The former CEO of Sainsbury's has hit back at Brexit for impacting inflation.
Asked on Sky News what is causing food prices to go up so quickly, businessman Justin King told viewers that the issues could be pinned on Britain leaving the EU, and that other factors like Covid and the war in Ukraine hadn't helped. He said:
"I mean the current pressures started with Brexit.
"You're talking about the prime minister going to Northern Ireland today, the problems at the border in the Irish Sea, of course, are the reality in good part in the border with many of our trading partners.
"Well in excess of 40 per cent of our food comes from Europe, so it started with Brexit, Covid exacerbated the problems and of course the war in Ukraine and the particular impact it is having on certain commodities... will be long lasting and significant."
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Kay Burley: "Why are prices going up and up?"\n\nJustin King ex-CEO of Sainsbury's: "The current pressures started with Brexit..."\n\n#BrexitReality #CostOfLivingCrisis \n\n@skynews #bbcwato #wato @LBCpic.twitter.com/SYnIwcuusJ— Incorrigible FCA (@Incorrigible FCA) 1652703677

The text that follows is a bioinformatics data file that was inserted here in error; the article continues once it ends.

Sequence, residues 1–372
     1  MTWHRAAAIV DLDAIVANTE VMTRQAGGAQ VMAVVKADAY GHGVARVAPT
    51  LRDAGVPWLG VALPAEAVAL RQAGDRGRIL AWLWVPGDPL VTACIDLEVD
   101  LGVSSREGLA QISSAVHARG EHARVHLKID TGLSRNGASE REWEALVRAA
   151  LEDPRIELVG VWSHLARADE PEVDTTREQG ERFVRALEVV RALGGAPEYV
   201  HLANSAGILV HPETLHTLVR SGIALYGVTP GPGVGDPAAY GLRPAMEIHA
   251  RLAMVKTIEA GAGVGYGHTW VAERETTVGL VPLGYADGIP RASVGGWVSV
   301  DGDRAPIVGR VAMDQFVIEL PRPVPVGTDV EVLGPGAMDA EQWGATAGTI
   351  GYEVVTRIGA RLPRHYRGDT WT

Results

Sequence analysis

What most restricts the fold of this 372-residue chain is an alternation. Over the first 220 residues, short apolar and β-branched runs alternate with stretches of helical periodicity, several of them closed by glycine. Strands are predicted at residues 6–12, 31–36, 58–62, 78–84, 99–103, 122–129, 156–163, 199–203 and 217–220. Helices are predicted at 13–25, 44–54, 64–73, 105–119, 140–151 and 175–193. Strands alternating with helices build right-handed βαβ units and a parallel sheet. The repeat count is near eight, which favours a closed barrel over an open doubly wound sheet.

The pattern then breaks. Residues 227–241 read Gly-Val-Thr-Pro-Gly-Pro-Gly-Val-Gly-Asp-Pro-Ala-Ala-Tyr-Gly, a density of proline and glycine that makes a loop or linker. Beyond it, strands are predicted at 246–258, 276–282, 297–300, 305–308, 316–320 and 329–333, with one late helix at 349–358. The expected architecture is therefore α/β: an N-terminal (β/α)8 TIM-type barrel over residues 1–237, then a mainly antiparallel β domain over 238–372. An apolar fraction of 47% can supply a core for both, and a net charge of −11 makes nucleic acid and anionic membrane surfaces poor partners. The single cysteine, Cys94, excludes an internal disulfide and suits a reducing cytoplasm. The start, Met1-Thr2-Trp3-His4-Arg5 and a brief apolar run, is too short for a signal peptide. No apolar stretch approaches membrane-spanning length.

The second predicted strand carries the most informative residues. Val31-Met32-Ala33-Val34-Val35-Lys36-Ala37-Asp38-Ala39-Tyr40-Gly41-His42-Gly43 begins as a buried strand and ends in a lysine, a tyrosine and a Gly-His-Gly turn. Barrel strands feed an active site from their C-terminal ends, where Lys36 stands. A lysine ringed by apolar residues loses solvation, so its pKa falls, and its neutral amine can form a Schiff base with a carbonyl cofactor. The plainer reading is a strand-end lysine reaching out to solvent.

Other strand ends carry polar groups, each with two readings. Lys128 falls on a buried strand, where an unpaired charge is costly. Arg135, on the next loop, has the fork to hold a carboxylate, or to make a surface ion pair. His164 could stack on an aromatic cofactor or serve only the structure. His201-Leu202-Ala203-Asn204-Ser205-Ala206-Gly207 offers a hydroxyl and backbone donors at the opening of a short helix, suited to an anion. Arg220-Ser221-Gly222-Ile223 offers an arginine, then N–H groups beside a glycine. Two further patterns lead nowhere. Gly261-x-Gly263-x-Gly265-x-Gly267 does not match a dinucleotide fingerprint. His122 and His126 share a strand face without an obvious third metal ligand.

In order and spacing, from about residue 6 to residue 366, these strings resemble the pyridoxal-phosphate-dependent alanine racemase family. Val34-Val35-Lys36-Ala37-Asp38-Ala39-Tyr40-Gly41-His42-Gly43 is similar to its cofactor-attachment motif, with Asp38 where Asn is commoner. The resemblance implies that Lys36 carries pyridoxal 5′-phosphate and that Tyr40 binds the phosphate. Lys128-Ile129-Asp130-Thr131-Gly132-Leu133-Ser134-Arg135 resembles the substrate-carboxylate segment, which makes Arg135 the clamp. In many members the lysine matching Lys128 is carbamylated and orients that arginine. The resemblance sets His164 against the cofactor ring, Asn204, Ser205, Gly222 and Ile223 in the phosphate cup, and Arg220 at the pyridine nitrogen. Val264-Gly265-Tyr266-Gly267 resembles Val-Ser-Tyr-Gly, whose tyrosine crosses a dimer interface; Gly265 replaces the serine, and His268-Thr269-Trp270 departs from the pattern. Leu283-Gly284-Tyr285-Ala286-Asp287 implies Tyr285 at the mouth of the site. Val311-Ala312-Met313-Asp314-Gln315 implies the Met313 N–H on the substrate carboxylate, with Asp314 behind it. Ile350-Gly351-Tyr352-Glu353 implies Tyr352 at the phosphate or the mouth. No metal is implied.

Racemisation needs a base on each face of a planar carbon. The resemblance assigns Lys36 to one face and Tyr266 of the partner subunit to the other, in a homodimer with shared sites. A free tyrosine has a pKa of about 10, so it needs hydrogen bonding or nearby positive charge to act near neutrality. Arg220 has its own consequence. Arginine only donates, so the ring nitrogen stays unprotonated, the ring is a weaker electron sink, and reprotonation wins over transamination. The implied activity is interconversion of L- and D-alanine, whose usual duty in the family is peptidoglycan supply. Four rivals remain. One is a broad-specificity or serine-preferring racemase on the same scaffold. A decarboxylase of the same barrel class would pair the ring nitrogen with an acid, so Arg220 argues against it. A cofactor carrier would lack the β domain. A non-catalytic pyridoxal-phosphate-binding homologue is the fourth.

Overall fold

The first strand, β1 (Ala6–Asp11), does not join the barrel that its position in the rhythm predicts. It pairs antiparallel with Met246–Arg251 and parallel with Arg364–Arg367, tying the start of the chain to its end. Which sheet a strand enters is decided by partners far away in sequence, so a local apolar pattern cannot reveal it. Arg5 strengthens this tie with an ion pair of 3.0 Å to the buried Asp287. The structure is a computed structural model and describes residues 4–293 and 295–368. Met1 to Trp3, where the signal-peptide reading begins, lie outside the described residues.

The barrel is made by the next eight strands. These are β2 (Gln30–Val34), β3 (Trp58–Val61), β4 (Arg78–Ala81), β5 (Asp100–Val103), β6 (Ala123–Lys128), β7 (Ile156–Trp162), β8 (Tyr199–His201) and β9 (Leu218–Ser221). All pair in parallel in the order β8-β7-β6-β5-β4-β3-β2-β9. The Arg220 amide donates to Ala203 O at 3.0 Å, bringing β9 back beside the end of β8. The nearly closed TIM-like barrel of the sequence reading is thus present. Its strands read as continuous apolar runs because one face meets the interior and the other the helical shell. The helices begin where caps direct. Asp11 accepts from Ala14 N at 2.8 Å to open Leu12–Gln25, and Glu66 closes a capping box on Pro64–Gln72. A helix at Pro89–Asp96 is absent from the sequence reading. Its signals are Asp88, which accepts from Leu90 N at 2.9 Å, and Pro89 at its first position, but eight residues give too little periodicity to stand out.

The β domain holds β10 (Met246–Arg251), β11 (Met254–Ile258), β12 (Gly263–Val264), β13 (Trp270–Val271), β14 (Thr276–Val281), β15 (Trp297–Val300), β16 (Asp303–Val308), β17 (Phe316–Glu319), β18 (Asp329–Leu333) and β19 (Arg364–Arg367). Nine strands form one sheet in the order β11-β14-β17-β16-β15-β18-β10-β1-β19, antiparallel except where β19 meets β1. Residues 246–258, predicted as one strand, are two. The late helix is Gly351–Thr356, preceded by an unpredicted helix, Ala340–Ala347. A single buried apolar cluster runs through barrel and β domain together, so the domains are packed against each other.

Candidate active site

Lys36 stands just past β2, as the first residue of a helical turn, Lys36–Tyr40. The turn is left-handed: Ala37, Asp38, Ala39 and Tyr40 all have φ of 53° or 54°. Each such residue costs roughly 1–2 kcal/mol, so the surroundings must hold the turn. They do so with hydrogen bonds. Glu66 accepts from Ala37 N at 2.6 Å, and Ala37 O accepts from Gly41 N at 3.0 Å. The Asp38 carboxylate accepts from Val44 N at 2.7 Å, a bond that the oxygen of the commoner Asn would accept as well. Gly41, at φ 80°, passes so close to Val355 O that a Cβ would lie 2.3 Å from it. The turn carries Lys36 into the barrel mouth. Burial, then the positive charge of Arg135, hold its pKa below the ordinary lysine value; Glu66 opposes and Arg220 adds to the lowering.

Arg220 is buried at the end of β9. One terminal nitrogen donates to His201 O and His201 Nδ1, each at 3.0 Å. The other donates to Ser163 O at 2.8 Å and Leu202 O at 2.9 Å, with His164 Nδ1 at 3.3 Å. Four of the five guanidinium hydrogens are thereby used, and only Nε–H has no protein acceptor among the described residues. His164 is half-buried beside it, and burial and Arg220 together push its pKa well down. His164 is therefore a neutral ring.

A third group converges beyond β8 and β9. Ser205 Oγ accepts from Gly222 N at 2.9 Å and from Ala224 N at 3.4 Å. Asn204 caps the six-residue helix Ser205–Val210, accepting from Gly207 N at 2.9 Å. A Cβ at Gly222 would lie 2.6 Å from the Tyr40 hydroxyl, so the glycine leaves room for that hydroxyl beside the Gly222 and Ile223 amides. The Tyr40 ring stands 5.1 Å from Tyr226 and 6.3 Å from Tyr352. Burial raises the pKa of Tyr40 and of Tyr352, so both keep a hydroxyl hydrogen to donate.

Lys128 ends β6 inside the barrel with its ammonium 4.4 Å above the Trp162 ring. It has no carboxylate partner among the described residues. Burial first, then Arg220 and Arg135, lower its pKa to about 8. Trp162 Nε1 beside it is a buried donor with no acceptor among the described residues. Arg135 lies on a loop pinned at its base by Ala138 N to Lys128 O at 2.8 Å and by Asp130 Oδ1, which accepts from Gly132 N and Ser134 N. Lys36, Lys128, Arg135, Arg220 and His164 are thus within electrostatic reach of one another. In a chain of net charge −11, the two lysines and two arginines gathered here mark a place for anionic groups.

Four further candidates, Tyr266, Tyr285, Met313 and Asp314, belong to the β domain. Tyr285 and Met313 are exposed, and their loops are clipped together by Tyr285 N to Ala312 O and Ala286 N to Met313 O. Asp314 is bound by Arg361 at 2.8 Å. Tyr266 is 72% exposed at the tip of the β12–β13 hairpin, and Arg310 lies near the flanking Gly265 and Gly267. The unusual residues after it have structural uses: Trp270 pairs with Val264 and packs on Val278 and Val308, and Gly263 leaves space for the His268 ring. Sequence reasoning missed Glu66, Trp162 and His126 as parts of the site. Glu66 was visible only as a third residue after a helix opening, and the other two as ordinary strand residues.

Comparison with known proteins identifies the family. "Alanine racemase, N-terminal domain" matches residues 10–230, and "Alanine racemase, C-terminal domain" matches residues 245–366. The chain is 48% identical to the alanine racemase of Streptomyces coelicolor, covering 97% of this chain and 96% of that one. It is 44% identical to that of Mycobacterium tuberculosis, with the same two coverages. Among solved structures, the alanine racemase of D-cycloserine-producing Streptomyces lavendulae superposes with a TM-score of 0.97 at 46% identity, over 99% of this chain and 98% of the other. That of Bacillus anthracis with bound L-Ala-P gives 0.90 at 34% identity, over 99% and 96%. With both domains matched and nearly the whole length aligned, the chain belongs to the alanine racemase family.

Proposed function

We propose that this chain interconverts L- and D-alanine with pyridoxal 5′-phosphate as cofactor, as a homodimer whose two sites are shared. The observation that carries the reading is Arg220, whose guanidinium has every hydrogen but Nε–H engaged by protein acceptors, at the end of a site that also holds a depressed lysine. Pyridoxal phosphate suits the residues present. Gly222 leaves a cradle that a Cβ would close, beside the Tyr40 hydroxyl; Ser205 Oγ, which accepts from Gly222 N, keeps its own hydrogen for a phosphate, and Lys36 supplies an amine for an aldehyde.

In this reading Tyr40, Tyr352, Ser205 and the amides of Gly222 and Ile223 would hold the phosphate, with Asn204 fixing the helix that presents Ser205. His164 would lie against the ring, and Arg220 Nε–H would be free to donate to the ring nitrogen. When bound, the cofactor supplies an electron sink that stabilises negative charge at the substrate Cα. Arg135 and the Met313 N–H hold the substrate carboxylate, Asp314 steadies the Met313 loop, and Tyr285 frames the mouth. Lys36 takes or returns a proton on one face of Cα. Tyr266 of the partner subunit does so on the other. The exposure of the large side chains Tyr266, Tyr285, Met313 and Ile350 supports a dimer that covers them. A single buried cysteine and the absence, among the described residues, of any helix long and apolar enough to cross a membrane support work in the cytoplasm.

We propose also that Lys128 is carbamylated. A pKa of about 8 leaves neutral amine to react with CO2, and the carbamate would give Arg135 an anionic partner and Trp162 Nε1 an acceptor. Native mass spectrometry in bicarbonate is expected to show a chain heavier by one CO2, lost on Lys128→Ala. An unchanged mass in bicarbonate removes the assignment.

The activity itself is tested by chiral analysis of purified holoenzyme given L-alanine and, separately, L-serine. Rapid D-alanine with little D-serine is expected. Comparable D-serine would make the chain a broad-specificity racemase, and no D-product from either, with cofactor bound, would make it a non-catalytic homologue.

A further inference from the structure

It comes as Bank of England governor Andrew Bailey warned of a “very big income shock” to households, and admitted feeling “helpless” in the face of surging inflation.
He blamed global factors like Ukraine, and told MPs that inflation, which currently stands at 7 per cent, is expected to top 10 per cent later this year. Inflation – the rate of price growth in the economy. This compares with the Bank’s 2 per cent target, which is often referred to as “price stability”.
There is clearly many factors feeding into this global crisis, but someone tell Jacob Rees-Mogg that Brexit opportunities aren't looking that great after all.
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